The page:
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Diversity in criticism conference – in quotes

Act for Change and The Stage hosted a conference exploring diversity in criticism. Photo: Helen Murray Act for Change and The Stage hosted a conference exploring diversity in criticism. Photo: Helen Murray
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Earlier this week, campaign group Act for Change and The Stage hosted a conference exploring diversity in criticism, discussing the landscape today, how it needs to change and the critic’s role in shaping culture. The panel included The Stage’s associate editor and theatre critic Lyn Gardner, the Royal Exchange’s associate artistic director Matthew Xia and theatre blogger Megan Vaughan.

Here, we look at some of the key points made on the day.

Lyn Gardner, theatre critic and journalist

Often when people, and groups of critics get together, what they are really doing are screaming about the loss of privilege. And the truth is that when I started writing about theatre about 30 years ago, there were basically about 15 white, male, middle-aged Oxbridge-educated males writing about it. We have to really think hard about an art form and what it does when the spectrum of people writing about that art form is so incredibly narrow. Inevitably it means that we are products of our upbringing and our education, and when we go to the theatre as critics we take ourselves there as well.

The situation we have now is incredibly bad for people like me and my future, but actually is good for theatre, because in the past there were only 15 white males writing about theatre as quite simply you needed a platform. Now there are many available.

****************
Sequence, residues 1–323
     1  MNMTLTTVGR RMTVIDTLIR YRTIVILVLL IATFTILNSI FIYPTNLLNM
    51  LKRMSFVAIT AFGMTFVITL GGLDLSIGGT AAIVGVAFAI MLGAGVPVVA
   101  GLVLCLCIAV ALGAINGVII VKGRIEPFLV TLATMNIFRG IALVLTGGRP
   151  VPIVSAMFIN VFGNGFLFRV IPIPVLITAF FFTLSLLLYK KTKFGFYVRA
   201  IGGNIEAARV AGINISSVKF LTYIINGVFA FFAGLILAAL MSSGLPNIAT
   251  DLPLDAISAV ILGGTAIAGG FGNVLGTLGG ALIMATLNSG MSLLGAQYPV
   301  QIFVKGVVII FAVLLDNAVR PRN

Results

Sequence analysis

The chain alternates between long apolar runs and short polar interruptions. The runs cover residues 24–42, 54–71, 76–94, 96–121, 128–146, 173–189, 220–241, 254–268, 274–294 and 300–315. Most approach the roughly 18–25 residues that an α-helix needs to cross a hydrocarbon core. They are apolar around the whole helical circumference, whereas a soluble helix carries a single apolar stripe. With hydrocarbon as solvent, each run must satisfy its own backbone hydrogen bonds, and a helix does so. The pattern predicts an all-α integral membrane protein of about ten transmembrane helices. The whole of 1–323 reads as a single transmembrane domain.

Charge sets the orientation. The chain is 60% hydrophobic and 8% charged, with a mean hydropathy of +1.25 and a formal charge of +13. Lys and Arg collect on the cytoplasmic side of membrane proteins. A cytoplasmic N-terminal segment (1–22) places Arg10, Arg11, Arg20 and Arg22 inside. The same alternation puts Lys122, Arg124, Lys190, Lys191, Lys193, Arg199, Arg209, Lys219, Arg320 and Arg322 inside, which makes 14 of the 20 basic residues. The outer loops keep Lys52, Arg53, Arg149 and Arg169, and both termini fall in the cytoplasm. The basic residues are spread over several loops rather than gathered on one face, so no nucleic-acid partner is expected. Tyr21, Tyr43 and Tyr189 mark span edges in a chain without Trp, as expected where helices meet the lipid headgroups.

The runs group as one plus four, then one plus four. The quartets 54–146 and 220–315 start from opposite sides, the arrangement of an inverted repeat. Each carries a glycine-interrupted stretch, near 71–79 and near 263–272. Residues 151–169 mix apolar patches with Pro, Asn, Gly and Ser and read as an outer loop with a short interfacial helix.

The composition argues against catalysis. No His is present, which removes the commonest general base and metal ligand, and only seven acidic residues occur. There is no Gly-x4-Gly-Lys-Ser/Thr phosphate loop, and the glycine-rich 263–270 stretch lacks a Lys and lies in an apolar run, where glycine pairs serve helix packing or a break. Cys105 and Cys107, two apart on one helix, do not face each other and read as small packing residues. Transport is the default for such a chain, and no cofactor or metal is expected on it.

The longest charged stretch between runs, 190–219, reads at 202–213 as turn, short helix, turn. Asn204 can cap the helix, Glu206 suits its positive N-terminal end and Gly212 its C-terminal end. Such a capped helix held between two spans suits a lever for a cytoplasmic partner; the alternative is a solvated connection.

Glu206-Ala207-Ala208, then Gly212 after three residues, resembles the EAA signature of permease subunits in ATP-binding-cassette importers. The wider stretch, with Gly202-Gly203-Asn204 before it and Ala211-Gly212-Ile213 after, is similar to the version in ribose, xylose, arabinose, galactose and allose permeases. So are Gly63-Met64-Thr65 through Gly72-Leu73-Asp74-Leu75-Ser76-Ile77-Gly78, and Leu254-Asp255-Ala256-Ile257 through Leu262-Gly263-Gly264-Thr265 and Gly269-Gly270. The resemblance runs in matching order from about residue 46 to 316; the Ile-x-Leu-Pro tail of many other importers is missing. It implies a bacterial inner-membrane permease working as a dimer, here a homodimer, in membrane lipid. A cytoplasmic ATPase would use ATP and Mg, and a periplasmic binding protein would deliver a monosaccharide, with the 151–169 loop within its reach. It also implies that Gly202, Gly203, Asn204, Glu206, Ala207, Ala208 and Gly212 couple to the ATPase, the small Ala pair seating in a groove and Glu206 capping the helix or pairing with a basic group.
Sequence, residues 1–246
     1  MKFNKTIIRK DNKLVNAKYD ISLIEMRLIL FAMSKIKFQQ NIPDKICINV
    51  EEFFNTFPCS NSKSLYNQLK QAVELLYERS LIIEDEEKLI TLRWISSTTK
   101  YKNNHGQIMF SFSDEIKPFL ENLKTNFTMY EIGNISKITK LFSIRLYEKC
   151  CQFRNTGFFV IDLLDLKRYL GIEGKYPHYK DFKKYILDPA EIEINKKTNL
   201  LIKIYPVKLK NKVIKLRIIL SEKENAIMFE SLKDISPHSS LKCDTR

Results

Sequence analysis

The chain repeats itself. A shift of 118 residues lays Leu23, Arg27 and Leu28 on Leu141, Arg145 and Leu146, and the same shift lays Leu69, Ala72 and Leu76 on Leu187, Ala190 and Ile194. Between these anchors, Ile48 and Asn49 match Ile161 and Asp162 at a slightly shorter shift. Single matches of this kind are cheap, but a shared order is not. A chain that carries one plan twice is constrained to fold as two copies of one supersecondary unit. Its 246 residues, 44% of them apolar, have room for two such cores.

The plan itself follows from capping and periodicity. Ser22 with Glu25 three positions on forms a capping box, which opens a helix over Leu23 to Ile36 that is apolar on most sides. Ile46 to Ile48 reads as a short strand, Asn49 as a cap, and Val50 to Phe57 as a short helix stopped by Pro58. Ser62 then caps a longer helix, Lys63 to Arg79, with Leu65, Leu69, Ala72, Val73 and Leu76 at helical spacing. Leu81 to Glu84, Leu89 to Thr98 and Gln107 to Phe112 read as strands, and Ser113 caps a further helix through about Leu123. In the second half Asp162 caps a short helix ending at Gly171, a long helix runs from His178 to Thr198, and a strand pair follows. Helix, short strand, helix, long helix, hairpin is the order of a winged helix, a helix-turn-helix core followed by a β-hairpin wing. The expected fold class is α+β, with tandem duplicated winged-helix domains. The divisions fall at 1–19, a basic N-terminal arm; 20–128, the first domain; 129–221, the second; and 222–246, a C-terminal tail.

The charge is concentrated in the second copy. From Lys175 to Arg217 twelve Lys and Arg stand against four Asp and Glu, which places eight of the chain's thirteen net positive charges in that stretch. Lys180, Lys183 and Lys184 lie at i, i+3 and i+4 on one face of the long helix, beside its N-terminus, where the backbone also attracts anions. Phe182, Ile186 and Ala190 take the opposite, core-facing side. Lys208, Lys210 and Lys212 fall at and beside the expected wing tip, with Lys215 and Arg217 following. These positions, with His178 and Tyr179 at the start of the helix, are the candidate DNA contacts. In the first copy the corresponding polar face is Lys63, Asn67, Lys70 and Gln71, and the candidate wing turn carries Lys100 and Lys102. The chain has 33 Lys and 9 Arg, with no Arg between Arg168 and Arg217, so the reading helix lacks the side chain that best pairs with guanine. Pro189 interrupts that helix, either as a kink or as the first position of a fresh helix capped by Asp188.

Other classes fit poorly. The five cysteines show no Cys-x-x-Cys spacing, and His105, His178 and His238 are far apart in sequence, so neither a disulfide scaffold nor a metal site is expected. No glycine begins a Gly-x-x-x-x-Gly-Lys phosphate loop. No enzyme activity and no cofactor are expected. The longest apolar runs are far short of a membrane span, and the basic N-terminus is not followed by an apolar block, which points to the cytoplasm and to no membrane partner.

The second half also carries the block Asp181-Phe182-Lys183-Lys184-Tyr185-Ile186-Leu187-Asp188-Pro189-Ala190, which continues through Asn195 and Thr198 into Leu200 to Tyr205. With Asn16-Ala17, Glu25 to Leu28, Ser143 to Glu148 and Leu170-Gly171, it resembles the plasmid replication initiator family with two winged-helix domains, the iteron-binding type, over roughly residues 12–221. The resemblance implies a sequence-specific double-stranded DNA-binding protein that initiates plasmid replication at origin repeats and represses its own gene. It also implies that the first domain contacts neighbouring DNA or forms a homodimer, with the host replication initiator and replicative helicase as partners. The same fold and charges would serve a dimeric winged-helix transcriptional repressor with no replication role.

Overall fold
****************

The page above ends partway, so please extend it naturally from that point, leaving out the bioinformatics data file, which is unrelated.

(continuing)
I don’t think for a moment that it was my editor who said let’s cut Lyn Gardner’s blog on the Guardian. It was managing editors who made those decisions, so therefore I think it’s absolutely important that we have those conversations with those people who are in power, rather than just going ‘oh, let’s not bother about that because we can’t change anything until [a new] framework is in place’.

There is a responsibility for all of us working in the industry to reach out and encourage those bloggers from different backgrounds who are writing about theatre in different ways and make sure they get a press night ticket, which is a privilege as much as the critic for the Guardian or the Independent.

I think the Arts Council needs to look hard not just at funding art, but at funding the initiatives that support art.

Megan Vaughan, theatre blogger

I believe we should remove theatre criticism from all mainstream newspapers, because it’s only then that the powers shift and the traditional Oxbridge, older, white, male voices lose a little bit of the stranglehold they’ve had on the criticism.

Matthew Xia, director

The blogs will affect a particular group of people who are coming to the theatre. I think the national press is helping us sell 500 seats a day in Manchester and in most main subsidised theatres.